Ron Cook: Penguins beginning to find stride under coach Sullivan
February 28, 2016 12:19 AM
Penguins' Evgeni Malkin made his return from injury Saturday against Winnipeg at Consol Energy Center.
By Ron Cook / Pittsburgh Post-Gazette
After Dan Bylsma replaced fired Mike Therrien as Penguins coach in February 2009, the team went 18-3-4 down the stretch and won the Stanley Cup. I’m not ready to say the franchise’s latest coaching change will produce the same ultimate prize, but I do like what Mike Sullivan has done since replacing fired Mike Johnston Dec. 12. After losing their first four games as Sullivan settled in, the Penguins have gone 16-7-5, including a 4-1 win Saturday against the Winnipeg Jets at Consol Energy Center.
“I think we’ve made big strides as far as the type of team we’re trying to become,” Sullivan said early Saturday evening before heading into the night, presumably to celebrate his 48th birthday with his family.
“I think our players have a pretty solid understanding of how we have to play and the details of our game to have our best chance at success. We’ve tried hard to define an identity. It starts with our speed. I think it’s our competitiveness. I think it’s our resiliency. Our speed and our competitiveness have to be our advantage moving forward.”
Both were on display against the Jets.
Carl Hagelin had two goals, Kris Letang one. They are among the faster skaters in the NHL. Getting Hagelin and swift-skating, puck-moving defenseman Trevor Daley in trades has worked out well for Penguins general manager Jim Rutherford.
The competitiveness took over after a dull, scoreless first period. The Penguins did what they were expected to do, dispatching one of the league’s worst teams. Winnipeg is 0-6 at Consol.
“I really like Mike Sullivan,” Rutherford said. “He’s a good fit for this team. This coaching change has changed the style of play. It’s helped the way our players like to play.”
Hagelin described it as a “fast-paced” game.
“It’s important to play [defense]. If you do it the right way, you’re going to get chances offensively. I think once we’re in the offensive zone, he’s not going to take the stick out of our hands. He’s going to let us do what we want to do. He’s going to let us be creative. That’s a coach you want to play for.”
Since Dec. 21, the Penguins have put more shots on goal than any NHL team. They rank fifth in goals, scoring at least four in 12 of the past 28 games. Their power play has improved dramatically, although it is in a 1-for-25 rut.
Sullivan and Rutherford are convinced the speed game is the way the Penguins can be effective against bigger, more physical, tight-checking teams such as the Boston Bruins and New York Rangers. His players seem to agree.
“I’m really pleased with how they’ve been receptive to what we’re preaching. They’re buying in,” Sullivan said. “Our core guys want to play a speed game. Crosby can skate. Malkin can stake. Letang can stake. Kessel can skate. We don’t want to slow the game down. We want to speed it up.”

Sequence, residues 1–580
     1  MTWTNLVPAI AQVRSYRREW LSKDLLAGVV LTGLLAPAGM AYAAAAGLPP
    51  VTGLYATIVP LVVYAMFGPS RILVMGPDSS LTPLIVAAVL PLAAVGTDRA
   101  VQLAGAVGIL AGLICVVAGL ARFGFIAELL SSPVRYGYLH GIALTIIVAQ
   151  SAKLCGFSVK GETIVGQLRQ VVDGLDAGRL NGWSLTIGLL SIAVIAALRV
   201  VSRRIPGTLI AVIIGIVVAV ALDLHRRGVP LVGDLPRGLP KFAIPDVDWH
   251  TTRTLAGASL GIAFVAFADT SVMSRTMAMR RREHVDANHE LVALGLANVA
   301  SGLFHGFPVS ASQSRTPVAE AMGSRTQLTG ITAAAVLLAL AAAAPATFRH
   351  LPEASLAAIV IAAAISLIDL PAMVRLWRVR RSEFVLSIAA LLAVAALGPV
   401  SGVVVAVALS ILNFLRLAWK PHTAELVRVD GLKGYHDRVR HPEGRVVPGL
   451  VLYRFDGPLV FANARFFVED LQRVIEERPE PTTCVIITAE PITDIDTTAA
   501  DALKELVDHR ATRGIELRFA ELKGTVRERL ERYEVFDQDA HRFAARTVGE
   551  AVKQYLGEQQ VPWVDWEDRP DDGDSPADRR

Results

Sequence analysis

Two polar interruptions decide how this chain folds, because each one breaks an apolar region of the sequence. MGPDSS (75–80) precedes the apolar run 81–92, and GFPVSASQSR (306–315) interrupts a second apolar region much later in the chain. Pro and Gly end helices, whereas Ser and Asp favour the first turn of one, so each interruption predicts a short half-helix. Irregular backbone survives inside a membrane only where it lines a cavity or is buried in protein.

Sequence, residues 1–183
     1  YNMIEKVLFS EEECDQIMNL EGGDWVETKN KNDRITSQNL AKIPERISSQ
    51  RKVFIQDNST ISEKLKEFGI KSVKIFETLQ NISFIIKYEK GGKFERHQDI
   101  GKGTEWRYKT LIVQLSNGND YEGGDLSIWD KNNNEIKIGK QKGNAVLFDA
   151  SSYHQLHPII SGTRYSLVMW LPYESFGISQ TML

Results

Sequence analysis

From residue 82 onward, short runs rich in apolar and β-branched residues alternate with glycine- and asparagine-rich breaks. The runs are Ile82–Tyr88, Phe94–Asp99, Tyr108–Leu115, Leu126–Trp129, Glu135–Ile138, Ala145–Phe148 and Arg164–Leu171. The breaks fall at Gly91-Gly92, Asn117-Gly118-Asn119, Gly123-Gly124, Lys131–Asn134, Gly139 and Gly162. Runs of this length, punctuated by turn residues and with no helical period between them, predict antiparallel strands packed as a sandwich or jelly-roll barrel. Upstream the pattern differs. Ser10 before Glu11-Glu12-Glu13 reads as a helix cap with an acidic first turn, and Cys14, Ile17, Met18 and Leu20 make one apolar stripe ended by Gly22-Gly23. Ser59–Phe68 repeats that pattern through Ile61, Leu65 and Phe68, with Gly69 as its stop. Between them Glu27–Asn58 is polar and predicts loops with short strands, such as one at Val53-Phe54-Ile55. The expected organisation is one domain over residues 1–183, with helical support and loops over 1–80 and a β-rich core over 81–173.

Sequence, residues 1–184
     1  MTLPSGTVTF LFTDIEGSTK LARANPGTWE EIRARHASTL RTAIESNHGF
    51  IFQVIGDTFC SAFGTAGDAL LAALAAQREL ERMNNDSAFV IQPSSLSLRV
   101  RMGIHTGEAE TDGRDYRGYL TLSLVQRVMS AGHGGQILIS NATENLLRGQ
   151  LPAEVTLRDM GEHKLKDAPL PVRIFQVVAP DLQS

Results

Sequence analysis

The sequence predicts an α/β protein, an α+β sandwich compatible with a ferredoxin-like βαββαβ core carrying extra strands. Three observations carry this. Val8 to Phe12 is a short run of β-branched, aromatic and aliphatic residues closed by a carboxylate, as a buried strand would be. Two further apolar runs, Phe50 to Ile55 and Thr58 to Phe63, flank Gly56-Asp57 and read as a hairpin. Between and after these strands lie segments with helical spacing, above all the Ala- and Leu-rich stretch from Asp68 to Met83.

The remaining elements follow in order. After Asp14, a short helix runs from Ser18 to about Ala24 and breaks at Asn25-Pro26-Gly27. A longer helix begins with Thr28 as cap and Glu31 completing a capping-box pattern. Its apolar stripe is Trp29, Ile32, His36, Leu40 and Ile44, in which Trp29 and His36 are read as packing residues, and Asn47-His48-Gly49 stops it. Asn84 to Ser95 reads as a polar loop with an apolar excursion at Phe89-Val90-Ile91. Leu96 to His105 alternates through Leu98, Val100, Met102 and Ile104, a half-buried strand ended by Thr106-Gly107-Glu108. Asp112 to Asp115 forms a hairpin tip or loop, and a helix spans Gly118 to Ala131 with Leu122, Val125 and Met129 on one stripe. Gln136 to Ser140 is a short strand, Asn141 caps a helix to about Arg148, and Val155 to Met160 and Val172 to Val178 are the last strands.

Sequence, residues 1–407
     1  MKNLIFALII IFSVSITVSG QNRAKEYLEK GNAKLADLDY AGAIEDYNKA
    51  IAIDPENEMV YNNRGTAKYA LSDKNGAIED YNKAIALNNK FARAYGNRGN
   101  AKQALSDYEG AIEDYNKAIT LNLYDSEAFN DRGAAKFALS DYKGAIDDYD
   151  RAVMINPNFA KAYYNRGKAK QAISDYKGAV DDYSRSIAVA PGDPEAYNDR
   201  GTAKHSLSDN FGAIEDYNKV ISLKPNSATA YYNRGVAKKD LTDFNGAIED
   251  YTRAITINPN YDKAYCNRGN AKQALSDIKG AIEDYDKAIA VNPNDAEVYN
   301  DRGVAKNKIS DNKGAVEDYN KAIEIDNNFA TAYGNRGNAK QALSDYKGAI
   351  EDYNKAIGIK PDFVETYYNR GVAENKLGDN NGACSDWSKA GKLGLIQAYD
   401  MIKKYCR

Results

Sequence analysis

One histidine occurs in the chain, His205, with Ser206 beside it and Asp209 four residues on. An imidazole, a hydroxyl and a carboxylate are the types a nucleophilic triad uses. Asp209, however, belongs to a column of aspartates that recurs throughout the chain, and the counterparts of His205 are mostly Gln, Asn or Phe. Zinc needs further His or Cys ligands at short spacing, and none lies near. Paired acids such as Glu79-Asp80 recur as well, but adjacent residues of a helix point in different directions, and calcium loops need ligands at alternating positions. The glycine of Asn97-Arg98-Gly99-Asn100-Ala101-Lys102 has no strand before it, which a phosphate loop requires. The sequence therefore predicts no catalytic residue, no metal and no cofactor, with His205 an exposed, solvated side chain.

Sidney Crosby and Letang have led the way. Crosby has 19 goals and 34 points in his past 27 games, although he has slowed with just one goal, three points and 14 shots on goal in the past eight games. Letang’s goal Saturday gave him nine goals and 32 points in his past 25 games.
“My experience with these guys so far has been nothing short of tremendous,” Sullivan said, throwing stars Evgeni Malkin and Phil Kessel into that mix. “For me, the biggest challenge of coaching in this league is your ability to build relationships with those guys, your ability to sell them on your message. Today’s athletes are very prepared. They’re very smart. You can’t just come in and bang it over their head and try to force it down their throat. It’s a cooperative effort …
“What I’ve tried to do is build relationships, tried to inspire them to play a certain way. The balancing act is trying to inspire them and, at the same time, holding them accountable to a certain standard so that we can continue to play the right way.
“Our guys have just been terrific. They’ve offered feedback, which we encourage. With each day I spend with them, I think our relationship gets better. It takes time to build trust.”
Sullivan had that trust with his Wilkes-Barre/Scranton Penguins before being promoted to the big club. Now, players such as Scott Wilson, Bryan Rust, Conor Sheary, Tom Kuhnhackl, Kevin Porter and Derrick Pouliot are making major contributions to the Penguins. The forwards have been so good — Wilson scored Saturday, his fourth goal in the past five games — that Rutherford said he doesn’t feel the need to add a winger before Monday’s trade deadline. The Penguins were able to beat the Jets without getting a point from Crosby or Malkin, who was playing for the first time in 11 games.
“I think it gives them a comfort level, but it also gives me a comfort level,” Sullivan said of Wilson and the other young players. “I know what their capabilities and strengths are. They’ve already established a level of trust. That’s one of the reasons why they’re here.
“The thing I like about this young group is they’re very hungry. They bring enthusiasm and energy to our team. I think that’s infectious. It’s helped build our competitive spirit.”
Sullivan will keep pushing for refinement, for improvement. Hagelin described him as “a good motivator” and “a fair coach, who tells you exactly what he wants from you.” Marc-Andre Fleury described Sullivan as “emotional” and “intense.”
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